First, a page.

Why name your blog “Skinny Girls & Mayonnaise,” you may reasonably ask? Which leads me to a story that sums up why I decided to start a food blog in the first place. (NOT because I thought the world needed another.)
I live in the western part of Los Angeles, home to yoga studios and aspiring starlets. Over the years, rooming with skinny yoga students/aspiring starlets, dating skinny yoga students/aspiring starlets, chatting in coffee shops with skinny yoga students/aspiring starlets, I learned that they really liked quinoa and really hated mayonnaise. I really like mayonnaise. I think it’s the world’s greatest sauce. And I have serious reservations about quinoa. It’s the didgeridoo of grains. (Anyone who has seen a 40-year-old white guy playing a didgeridoo at a farmer’s market will understand what I mean…)
A favorite dish of mine is a Mexican corn on the cob — smeared with mayonnaise, a squeeze of lime, some chili powder, and grilled. I began to notice when we would have barbecue dinner parties, that the skinny girls would devour the corn with a fervor. “This is the best corn I’ve ever had!” they would say as they helped themselves to a second ear. “What did you do to it!?” And then I would drop the “m” bomb. And watch their faces go slack and gray. “M-m-mayonnaise???” they would murmur in horror. And I would explain that mayonnaise is not the Devil’s Condiment, nor would it prevent them from doing their sun salutations or making it to their auditions on time. Mayonnaise, I would say, is simply an emulsion of oil, vinegar and egg. The word “emulsion” would seem to put them at ease — they’d seen on a menu somewhere in relation to a salad.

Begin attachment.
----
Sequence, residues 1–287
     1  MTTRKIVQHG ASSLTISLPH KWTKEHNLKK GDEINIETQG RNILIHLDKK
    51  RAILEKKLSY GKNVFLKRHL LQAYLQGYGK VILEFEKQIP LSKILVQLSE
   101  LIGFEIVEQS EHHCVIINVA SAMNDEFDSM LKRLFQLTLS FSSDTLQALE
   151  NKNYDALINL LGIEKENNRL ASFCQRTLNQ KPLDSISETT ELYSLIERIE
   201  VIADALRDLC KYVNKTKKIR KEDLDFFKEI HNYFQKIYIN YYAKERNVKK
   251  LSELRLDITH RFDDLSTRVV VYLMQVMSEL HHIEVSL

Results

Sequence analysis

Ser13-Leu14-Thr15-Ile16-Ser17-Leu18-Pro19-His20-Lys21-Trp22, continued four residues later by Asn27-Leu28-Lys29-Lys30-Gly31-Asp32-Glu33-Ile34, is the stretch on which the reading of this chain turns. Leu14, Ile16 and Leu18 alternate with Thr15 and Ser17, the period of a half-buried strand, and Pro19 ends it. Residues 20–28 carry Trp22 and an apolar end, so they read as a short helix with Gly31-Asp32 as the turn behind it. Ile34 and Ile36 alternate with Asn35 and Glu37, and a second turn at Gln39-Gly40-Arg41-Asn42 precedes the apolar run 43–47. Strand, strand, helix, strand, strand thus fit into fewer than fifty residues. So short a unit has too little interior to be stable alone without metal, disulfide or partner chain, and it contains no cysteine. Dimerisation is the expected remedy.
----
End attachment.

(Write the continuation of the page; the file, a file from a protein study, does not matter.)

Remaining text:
Somewhere in a village in the South of Italy at this exact moment, an old man is dipping a freshly picked spear of asparagus into a garlicky aioli — a mayonnaise. And chasing it with a big sip of wine. He has never feared a mayonnaise, a roasted chunk of fatty pork from the pig raised on his land, the succulent flesh of a fish lifted earlier that morning from the ocean, or half a bottle of wine pressed from grapes that rose from this very terroir. He has lived to a ripe old age, without becoming obese or clogging his arteries. And he has enjoyed himself thoroughly. Until the advent of microwave ovens and Lean Cuisines, this is how the world had always eaten. This is the way we must eat again. Once, while doing a cooking demonstration for a publication that I served as editor for, I asked the great French chef Jacques Pepin what the most important advice he would have for the home cook would be. He said, “Open a bottle of wine, and enjoy yourself.” That, my friends, is what Skinny Girls & Mayonnaise is all about.